Rashad Evans vs. Tito Ortiz: The Rematch
The rematch was four years in the making.
All it took was a knee injury and an outrageous demand.
UFC President Dana White announced in a conference call Thursday afternoon that the main event of next month’s UFC 133 at the Wells Fargo Center will be Rashad Evans-Tito Ortiz 2. Evans and Ortiz battled to a three-round, unanimous decision draw in July 2007.
The scheduled main event had been Rashad Evans-Phil Davis, but Davis injured his knee in training. He went for a MRI Monday and it was determined that he will not be able to kick box for a minimum of two-and-a-half weeks. The UFC decided they did not want to risk a serious, long-term injury to a promising young fighter, despite Davis’ protestations.
“Phil, 100 percent, wanted the fight,” White said.
According to White, he initially called Ortiz, who passed on the fight due to family reasons. The UFC President then reached out to Lyoto Machida, whose camp accepted the fight before demanding “Anderson Silva money,” which shocked White, who claimed the light heavyweight had “terrorized” him for fights.
Ortiz called White Wednesday night to ask if the fight was available. When he was informed that it was, he took the fight. White noted that the fallback plan was to move Vladimir Matyushenko into the main event from his undercard fight against Alexander Gustafsson, and that middleweights Chris Leben and Chael Sonnen expressed interest in fighting light heavyweight Evans (20-1-1) in text messages.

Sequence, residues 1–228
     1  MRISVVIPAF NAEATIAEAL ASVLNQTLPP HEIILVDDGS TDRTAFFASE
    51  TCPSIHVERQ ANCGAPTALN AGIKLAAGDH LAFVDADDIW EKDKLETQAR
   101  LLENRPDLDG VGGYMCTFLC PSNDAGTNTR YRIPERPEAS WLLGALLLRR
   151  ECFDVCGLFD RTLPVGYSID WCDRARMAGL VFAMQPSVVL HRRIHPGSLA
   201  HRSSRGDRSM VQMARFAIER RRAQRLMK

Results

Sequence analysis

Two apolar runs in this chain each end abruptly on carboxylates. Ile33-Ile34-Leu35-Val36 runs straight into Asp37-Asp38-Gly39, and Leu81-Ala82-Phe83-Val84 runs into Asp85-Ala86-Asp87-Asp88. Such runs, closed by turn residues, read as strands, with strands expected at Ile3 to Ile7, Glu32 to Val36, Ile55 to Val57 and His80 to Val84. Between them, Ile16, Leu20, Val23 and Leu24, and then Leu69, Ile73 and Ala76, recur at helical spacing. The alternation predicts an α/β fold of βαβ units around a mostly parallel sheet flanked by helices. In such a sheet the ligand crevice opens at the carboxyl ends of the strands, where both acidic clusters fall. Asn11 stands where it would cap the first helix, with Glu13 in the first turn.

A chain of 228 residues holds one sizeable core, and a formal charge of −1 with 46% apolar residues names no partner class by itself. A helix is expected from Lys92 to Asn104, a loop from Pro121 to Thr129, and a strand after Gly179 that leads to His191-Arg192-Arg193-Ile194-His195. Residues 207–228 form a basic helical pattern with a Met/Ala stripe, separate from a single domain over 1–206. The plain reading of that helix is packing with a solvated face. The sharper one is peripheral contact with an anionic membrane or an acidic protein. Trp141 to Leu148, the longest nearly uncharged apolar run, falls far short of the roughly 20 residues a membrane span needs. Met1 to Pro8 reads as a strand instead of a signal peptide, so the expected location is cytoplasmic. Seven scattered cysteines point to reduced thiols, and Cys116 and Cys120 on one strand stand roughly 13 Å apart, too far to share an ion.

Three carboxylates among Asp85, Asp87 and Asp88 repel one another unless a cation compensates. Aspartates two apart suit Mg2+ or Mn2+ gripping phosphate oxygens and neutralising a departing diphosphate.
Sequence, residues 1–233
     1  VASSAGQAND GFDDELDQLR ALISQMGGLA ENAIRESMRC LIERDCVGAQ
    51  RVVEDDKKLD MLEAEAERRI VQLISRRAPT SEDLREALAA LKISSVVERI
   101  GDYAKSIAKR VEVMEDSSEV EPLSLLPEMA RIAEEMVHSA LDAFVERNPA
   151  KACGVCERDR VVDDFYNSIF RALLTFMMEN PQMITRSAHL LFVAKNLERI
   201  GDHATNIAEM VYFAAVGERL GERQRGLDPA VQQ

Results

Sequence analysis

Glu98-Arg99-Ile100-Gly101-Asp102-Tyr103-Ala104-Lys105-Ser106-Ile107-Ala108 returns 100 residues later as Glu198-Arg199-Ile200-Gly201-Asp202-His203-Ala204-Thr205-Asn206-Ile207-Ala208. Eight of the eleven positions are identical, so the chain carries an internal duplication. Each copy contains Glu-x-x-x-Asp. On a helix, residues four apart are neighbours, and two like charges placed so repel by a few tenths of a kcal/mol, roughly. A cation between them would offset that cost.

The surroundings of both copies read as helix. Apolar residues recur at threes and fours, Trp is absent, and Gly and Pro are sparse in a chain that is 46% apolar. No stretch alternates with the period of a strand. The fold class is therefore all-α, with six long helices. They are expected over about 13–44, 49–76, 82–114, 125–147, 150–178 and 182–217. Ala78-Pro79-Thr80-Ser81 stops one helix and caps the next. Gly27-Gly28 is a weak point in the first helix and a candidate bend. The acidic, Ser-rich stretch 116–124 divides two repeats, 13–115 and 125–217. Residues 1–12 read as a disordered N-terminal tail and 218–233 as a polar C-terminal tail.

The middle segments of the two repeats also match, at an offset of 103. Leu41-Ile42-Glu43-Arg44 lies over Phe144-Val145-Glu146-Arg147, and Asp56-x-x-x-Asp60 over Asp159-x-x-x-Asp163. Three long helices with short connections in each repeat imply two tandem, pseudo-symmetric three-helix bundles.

“Tito stepped up,” White said. “(Tito’s) taking a fight on short notice. I respect that.”
Ortiz (17-8-1) submitted Ryan Bader with a guillotine choke 1:56 into the first round of UFC 132. It was Ortiz’s first win since knocking out Ken Shamrock in October 2006. Moreover, the win kept Ortiz employed in the UFC. White reiterated that while “nobody’s beating up on Tito Ortiz in the last five or six fights,” he “thought it was going to be Tito’s last fight in mixed martial arts.”
Instead, Ortiz will have two fights in a 35-day span while Evans last fought at UFC 114 in May 2010, where he won a unanimous decision over rival Quinton Jackson.
“‘I don’t care who you get. I’m ready to fight,’” White recalled Evans telling him when informed about Davis’ injury and the search for a replacement. “Rashad has had a string of bad luck; hasn’t fought in a year in a half. He’s hungry.”
Both Ortiz and Evans have earned White’s ire in the past. Machida is now in White’s doghouse thanks to the actions of his camp, which White called “completely out of the ordinary.”
“Anderson Silva is undefeated in the UFC since 2006. You want his money? I don’t know if he knows (what his camp did). I guarantee he knows it now. He had his opportunity,” White said. “I’m disappointed in the way they handled it. What makes you think you deserve Anderson Silva money? Very weird and very unlike Lyoto Machida.”